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Breaking Down Shaquil Barrett

Inside the Pylon’s Brandon Thorn breaks down Shaq Barrett as part of his “Under the Microscope” player series.

Arizona Cardinals v Denver Broncos Photo by Doug Pensinger/Getty Images

It’s nice to see other outlets recognize some of the under the radar players on our team. Recently, Brandon Thorn over at Inside the Pylon broke down linebacker Shaquil Barrett and put together some very thorough insights that get me excited about Barrett’s potential.

I was a big fan of Shaq when he was picked up as an undrafted free agent, and even wrote a little fanpost about him back before I joined the staff (yes I am tooting my own horn, but it’s not often that I turn out right about a player so let me enjoy this!).

Now I won’t even attempt to recap all the Thorn wrote about Barrett because he does such a great job on it, you really need to just go check it out!

I do want to highlight a couple things he mentions in the article. He initially breaks down some of the special teams plays that Barrett made and mentions how crucial playing special teams has been to Barrett’s value.

This to me speak volumes about Barrett’s character as he is willing to do the dirty work on special teams and excel at it, which has propelled him into his current situation where he will likely get a shot at starting snaps.

The other huge takeaway about Barrett is just the incredible value that he is. Guys like him are the reason we can win from now on.

According to, there are 157 outside linebackers currently listed under contract in the NFL, and Barrett’s average annual salary ranks 153rd. It can be argued that there is no better bargain on another NFL roster in 2016.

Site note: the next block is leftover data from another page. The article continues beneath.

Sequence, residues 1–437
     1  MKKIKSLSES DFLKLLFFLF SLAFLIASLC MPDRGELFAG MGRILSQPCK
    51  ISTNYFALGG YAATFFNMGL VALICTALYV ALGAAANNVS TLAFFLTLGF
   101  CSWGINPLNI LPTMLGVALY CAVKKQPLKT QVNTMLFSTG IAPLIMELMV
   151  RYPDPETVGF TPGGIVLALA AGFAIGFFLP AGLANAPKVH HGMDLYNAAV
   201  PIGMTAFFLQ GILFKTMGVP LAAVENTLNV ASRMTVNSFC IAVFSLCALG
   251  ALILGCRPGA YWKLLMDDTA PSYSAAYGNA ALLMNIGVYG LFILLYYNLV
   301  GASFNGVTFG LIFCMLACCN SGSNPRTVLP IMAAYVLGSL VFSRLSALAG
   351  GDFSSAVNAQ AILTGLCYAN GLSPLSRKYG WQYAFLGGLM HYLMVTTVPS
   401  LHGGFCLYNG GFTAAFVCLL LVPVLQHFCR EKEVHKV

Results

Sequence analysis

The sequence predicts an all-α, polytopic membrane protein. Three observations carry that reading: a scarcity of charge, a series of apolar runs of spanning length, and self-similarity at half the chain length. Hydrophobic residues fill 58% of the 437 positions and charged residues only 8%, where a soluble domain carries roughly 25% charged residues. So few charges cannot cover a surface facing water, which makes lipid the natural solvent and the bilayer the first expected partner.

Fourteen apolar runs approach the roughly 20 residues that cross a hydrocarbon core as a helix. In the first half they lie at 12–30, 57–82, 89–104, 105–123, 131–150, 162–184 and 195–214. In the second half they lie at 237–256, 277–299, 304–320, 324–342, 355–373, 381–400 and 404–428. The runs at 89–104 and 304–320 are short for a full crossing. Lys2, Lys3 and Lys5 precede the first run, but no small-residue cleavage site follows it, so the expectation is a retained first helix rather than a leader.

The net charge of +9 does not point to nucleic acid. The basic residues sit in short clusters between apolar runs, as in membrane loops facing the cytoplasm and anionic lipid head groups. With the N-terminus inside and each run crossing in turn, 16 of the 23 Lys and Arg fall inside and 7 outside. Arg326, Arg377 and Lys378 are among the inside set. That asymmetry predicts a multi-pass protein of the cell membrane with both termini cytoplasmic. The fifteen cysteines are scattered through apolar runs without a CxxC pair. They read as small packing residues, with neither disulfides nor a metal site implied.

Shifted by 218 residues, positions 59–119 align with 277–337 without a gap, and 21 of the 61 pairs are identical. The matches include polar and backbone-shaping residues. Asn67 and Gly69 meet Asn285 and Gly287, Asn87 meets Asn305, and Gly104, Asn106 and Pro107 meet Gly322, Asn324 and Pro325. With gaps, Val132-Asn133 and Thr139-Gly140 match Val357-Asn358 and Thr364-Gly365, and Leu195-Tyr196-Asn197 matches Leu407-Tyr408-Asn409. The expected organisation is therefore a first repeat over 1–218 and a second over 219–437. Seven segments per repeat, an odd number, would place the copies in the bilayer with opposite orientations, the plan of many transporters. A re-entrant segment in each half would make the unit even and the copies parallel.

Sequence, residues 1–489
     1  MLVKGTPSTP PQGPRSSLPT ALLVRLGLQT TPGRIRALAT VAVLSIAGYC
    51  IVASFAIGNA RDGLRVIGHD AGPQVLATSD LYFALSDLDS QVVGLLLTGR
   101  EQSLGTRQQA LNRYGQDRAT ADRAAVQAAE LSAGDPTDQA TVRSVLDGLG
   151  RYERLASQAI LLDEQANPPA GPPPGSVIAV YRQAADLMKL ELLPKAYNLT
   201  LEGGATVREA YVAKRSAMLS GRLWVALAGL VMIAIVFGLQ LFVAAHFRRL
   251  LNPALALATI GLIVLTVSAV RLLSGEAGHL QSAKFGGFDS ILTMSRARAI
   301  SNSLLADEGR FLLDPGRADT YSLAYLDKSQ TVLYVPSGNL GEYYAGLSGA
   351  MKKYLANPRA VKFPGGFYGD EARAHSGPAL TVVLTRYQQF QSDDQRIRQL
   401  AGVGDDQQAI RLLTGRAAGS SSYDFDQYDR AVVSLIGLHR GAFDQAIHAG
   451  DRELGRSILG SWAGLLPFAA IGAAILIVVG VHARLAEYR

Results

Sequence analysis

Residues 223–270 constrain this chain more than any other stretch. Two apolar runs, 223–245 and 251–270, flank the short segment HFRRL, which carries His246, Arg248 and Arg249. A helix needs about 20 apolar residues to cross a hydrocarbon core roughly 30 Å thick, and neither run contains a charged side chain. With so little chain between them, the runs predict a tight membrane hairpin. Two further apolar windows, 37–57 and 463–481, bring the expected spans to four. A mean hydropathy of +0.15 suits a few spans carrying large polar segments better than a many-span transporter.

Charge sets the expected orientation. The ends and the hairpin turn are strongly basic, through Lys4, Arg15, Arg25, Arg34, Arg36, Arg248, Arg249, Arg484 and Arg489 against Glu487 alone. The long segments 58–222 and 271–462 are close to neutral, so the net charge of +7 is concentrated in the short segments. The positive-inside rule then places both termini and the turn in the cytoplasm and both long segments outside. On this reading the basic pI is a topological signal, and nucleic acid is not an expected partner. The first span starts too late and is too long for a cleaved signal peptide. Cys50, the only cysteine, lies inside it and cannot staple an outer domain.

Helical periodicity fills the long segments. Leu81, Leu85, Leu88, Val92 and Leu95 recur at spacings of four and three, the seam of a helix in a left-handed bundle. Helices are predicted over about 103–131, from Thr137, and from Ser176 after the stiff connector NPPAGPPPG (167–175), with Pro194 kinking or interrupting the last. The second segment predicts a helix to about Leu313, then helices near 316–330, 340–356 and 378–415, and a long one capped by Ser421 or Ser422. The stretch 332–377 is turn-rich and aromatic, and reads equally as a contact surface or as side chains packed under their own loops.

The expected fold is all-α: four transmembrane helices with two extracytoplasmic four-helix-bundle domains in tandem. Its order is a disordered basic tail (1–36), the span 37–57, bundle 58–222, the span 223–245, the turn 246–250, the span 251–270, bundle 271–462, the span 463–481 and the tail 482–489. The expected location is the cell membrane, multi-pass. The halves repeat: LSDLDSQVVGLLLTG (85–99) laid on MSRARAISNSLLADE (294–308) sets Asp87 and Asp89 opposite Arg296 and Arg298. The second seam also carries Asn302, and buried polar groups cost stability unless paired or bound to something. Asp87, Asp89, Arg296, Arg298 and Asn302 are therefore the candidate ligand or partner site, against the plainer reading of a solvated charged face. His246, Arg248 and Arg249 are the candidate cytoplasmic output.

Barrett isn’t an elite athlete off the edge or in space, but he is a well-rounded player with good play strength who can consistently set the edge against the run, quickly diagnose blocking schemes, and affect the quarterback off the edge using swipe, rip, and dip moves. Barrett demonstrates the ability to play the pass as a zone defender in the curl/flats, but will struggle staying in-phase with athletic tight ends down field. He displays very good competitive toughness throughout games, consistently playing with a high motor, toughness, and physicality. Where Barrett needs the most improvement on the field is in his ability to convert speed to power more consistently, developing his pass rush plan, and honing the timing of his hand usage as a pass-rusher. If he can expand his toolbox as a pass-rusher with a couple secondary moves to counter inside there is no reason to not expect a player who can get 7-10 sacks a season as a full-time starter.

So head over to ITP and check out the full piece, and let’s talk about how much we love Shaq Barrett below!